Is the clock winding down on daylight saving time in Colorado?
Legislation introduced in the state Senate could give voters the power to make Mountain Standard Time permanent.
When Coloradans turn their clocks ahead one hour March 13, some state lawmakers hope it will be for the last time.
Senate Bill 135 would allow the state to do away with the annual ritual known as daylight saving time and put the matter to the voters in the Nov. 8 general election.
If voters approve, Colorado would revert to yearlong Mountain Standard Time in 2023.
Legislators have been trying to end daylight saving time for decades. One reason to repeal DST is the decrease in workplace productivity in the days following the time change, said Christina Huber, professor of Economics at Metropolitan State University of Denver.
But she also notes that there is no definitive research on the overall economic impact of the time change.
“I don’t have a strong argument for or against daylight saving time and really believe it comes down to individual preferences,” said Huber. “From an economic standpoint, the argument has to come down to costs (versus) benefits.”
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Proponents of DST argue that the extra daylight and recreation counteract the sedentary lifestyle of modern living. Tourism and other outdoor-related industries profit from brighter evenings, which give people more time for hiking, shopping, dining out and attending cultural events, boosting the local economy.
Public safety also benefits from DST. Studies show that DST contributes to improved road safety, reducing pedestrian fatalities by 13% during dawn and dusk hours. An MIT study found a 7% decrease in robberies following the spring shift to DST.
No matter where you stand on the issue, most of us dread the inevitable “spring forward” when we lose an hour of precious sleep, knowing that getting up for the next several mornings will be harder than usual.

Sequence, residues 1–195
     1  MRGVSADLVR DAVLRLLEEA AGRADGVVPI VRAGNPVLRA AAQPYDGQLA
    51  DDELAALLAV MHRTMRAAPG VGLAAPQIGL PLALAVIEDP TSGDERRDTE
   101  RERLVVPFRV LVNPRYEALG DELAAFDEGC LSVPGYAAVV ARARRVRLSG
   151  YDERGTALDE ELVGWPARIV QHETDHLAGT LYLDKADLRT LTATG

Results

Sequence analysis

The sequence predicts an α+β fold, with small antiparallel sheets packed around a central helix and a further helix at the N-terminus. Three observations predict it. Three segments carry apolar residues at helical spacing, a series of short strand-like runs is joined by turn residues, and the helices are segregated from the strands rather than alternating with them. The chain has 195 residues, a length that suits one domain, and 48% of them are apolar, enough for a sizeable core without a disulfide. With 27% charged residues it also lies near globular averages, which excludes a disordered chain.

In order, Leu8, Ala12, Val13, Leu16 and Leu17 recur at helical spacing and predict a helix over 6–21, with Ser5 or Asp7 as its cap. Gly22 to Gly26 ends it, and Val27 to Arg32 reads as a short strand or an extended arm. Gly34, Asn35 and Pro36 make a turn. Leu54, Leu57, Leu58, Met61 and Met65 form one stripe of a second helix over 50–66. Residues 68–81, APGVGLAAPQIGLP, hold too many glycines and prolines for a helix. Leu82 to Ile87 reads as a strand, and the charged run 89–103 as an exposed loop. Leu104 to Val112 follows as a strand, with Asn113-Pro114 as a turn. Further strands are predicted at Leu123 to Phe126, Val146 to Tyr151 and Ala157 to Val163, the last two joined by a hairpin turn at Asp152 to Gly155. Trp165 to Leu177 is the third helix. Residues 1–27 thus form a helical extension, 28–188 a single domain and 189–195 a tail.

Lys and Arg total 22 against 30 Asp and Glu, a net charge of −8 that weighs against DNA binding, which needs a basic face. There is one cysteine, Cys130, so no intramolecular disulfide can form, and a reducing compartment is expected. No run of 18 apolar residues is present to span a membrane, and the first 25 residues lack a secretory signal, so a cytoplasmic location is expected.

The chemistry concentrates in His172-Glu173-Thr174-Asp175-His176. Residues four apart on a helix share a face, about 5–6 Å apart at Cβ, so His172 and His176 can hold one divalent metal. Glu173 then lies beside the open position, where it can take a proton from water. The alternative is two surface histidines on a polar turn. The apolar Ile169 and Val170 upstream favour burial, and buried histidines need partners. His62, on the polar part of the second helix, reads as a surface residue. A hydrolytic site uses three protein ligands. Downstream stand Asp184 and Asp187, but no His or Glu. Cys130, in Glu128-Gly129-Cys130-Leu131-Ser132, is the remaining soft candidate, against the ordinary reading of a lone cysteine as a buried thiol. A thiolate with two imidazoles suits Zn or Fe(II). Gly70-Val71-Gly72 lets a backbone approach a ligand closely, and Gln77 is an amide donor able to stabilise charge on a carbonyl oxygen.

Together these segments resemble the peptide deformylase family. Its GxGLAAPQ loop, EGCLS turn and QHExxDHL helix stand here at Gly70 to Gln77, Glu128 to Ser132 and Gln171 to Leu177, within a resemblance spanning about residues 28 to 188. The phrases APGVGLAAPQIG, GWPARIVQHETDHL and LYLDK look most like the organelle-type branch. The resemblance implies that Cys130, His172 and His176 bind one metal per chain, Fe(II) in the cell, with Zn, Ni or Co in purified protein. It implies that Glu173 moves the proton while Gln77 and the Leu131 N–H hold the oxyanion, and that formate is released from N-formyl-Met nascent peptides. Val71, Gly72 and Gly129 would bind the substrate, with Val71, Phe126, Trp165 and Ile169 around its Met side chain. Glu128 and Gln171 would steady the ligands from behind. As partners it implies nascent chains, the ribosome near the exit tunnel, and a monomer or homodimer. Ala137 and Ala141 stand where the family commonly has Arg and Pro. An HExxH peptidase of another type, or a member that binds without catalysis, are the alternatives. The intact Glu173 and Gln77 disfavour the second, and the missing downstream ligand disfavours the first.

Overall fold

Getting enough sleep consistently is critical to our well-being, said Cynthia Erickson, associate professor of Psychological Sciences at MSU Denver. And sleep is also important for memory consolidation.
“Just as you go through your mail every day and sort out the junk from the letter from your grandmother, your brain while you are sleeping is consolidating all the information it received throughout the day — keeping what is important and throwing away the rest,” she said.
Erickson also noted that sleep is one of the best study aids for students. “If you want to really learn and understand something: Study, take a nap, repeat. It is your best study strategy,” she said.
Teens in particular need more sleep, according to the American Academy of Pediatrics and the U.S. Centers for Disease Control and Prevention. In fall 2023, Denver Public Schools will push back the start time for classes from 7:40 a.m. to 8:20 a.m.
“While there surprisingly have not been a lot of studies on DST, what we do have is a lot of information on the impact of being overtired on a child’s ability to learn,” said Bethany Fleck Dillen, a professor of Psychological Sciences at MSU Denver.
“A lack of sleep is a change in their natural circadian rhythm,” she said, adding that DST can affect the light we take in, which changes the release of melatonin in our bodies that helps us sleep.
Dillen said our bodies adjust to DST after a week or so. Personally, she likes the extra daylight hours, which allow her to get outside more with her young children. To adjust to the changes created by DST, she recommends moving a child’s schedule up by 15 minutes a day for four days so the change isn’t so abrupt.
DST is being debated nationwide. Arizona and Hawaii already stay on standard time year-round. Conversely, 19 states, including Colorado neighbors Utah and Wyoming, have moved to stay on daylight saving time year-round if changes in federal legislation allow.
In 1966, Congress passed the Uniform Time Act to establish the yearly time change, and it has since been adopted nationally. Under the 1966 law, states have to either change the clocks to daylight saving time at the specified time and day or stick with standard time throughout the year.
So will this be the year? It seemed likely until state lawmakers hit the snooze button last week and delayed their consideration of the bill.
The measure still has a chance to get to voters this year, one of the bill’s sponsors, Sen. Jeff Bridges of Greenwood Village, told Colorado Politics. “I just want to stop changing the dang clocks,” he said.